Focus and Higher Education

Aquinas gets more than money from endowment scholarships

Families are establishing roots with the college

October 15, 2012
Print
Text Size:
A A

The money and the tears are running freely into the scholarship cup at Aquinas College.

When Aquinas announced the launch of the Aquinas College Family Scholarship Endowment Program in honor of its 125th anniversary, the staff behind it discussed their dream to honor the multiple generations of families associated with the college.

“We’ve already had over $1 million in the campaign and 44 families that have established scholarships,” said Cecilia Cunningham, Aquinas’ director of major gifts.

“The beauty of the endowed scholarships is that they last forever. The beauty of that … in just logistical terms, the power of it is these are families that really believe in Aquinas, love Aquinas, have history with it. ... It’s just beautiful,” she said.

In an endowment scholarship, the core money donated remains in the scholarship, and awards are based on the interest generated from that principal investment, Cunningham said. Year after year, the scholarships will be available, she said.

When the scholarship donors come for their official presidential signing ceremonies, many family members and friends arrive to celebrate the founding of the new scholarship, Cunningham said, turning it into a family reunion of sorts.

Emotions overwhelm many as participants make a joyful and moving statement about their commitment to the college, she said, especially if the scholarship is designed as a “memorial scholarship.”

“A lot of times there’s been misty eyes and tears,” Cunningham said. “It’s very emotional and meaningful the ways these families are celebrating Aquinas, and this investment that will be around forever.”

The minimum amount for an endowment scholarship was set at $15,000. So far, the largest amount donated is $125,000. The majority of the scholarships are based on the financial need of the student.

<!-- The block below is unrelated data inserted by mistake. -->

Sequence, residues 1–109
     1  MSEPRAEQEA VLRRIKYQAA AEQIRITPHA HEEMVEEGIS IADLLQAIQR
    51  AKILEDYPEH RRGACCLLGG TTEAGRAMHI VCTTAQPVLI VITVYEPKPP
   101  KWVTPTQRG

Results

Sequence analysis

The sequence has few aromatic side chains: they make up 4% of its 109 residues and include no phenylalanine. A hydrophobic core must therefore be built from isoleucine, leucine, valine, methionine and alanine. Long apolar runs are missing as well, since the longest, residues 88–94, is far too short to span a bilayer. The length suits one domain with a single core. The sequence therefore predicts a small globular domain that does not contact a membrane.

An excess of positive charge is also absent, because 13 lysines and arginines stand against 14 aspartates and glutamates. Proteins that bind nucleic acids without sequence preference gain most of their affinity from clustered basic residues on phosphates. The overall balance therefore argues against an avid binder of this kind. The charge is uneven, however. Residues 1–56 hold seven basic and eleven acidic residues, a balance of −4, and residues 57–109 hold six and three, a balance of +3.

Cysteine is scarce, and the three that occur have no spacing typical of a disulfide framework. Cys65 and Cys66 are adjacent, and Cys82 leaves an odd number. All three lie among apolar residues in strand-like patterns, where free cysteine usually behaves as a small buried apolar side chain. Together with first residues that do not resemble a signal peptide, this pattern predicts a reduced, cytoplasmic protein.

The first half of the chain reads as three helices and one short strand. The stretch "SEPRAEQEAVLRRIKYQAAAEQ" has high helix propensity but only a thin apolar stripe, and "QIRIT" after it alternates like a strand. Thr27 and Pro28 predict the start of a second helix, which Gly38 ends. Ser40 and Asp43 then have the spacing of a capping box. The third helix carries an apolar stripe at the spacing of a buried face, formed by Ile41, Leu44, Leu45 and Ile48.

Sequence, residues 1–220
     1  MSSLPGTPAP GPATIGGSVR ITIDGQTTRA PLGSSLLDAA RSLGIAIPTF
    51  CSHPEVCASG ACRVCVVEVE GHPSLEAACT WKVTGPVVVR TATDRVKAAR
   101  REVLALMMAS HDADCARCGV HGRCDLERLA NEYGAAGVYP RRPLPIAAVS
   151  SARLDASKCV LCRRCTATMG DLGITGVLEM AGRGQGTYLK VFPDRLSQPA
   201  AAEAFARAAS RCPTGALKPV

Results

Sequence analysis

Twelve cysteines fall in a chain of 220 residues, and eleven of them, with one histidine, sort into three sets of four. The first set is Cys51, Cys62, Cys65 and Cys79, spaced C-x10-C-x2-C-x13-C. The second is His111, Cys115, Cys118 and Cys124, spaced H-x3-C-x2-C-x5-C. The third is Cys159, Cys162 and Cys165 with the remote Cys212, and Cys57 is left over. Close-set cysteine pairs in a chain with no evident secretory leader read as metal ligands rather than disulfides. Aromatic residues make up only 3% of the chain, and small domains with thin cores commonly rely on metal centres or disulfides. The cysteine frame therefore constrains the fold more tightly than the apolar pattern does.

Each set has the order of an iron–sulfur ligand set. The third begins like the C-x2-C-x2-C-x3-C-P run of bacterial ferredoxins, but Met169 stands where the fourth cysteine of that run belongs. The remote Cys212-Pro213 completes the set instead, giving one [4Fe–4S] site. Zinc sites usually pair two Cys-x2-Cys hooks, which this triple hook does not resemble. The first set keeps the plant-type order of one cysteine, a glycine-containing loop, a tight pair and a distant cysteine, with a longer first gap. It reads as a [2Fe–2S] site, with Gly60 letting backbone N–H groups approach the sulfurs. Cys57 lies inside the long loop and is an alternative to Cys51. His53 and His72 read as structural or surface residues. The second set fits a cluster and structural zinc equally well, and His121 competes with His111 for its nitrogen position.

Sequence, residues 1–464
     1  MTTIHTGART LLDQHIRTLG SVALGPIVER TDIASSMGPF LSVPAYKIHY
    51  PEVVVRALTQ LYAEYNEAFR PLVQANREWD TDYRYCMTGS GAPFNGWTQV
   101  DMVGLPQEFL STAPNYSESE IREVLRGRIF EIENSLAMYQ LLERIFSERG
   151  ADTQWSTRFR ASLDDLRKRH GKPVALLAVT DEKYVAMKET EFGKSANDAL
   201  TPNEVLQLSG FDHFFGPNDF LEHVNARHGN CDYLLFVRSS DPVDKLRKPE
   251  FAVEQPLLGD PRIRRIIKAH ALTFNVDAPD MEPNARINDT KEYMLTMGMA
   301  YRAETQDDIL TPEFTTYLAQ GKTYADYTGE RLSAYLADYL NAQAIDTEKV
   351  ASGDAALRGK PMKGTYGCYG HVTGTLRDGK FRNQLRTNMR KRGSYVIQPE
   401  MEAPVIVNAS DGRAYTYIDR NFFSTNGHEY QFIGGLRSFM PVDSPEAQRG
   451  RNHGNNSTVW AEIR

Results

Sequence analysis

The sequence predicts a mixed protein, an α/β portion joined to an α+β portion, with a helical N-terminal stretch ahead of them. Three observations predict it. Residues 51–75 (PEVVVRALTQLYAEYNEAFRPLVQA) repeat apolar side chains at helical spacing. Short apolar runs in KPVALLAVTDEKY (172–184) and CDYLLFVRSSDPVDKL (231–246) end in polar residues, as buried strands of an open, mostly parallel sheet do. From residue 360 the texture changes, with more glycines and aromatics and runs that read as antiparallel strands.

The money is important, but even more important is the community of legacy the scholarship creates, Cunningham said.

“I think of the several young couples that have children,” she said. “One day those kids will gather somewhere on campus and they’ll be able to say to their kids, ‘Now this is what Grandma and Grandpa started 40 years ago.’”

One young couple is Rachel and Mike Mraz, who, although they donated to create their own Aquinas endowment scholarship, did not actually attend Aquinas.

Rachel Mraz, a vice president and wealth management advisor at Merrill Lynch, said she and her husband met at Cornell University. A Grand Rapids native, eventually she earned a master’s degree in financial service with a focus in tax and philanthropic planning from The American College.

At 31, the two are the youngest non-alumni scholarship donors.

“We want to impact locally,” Mraz said. “When it came to wanting to support a higher education closer to home, we literally live about two blocks from Aquinas, and we were impressed by everything they do.”

Although Mraz did not need financial aid through school, her husband did, which has made both of them empathetic to the financial needs of students, she said.

Mraz hopes their donation not only attracts students to West Michigan, but keeps them here.

“In the future, we’d love to encourage people to stay in Grand Rapids. That would be ideal,” she said. “We’ve been back here for 10 years and can’t even imagine leaving.”

Recent Articles by Mike Nichols

Editor's Picks

Comments powered by Disqus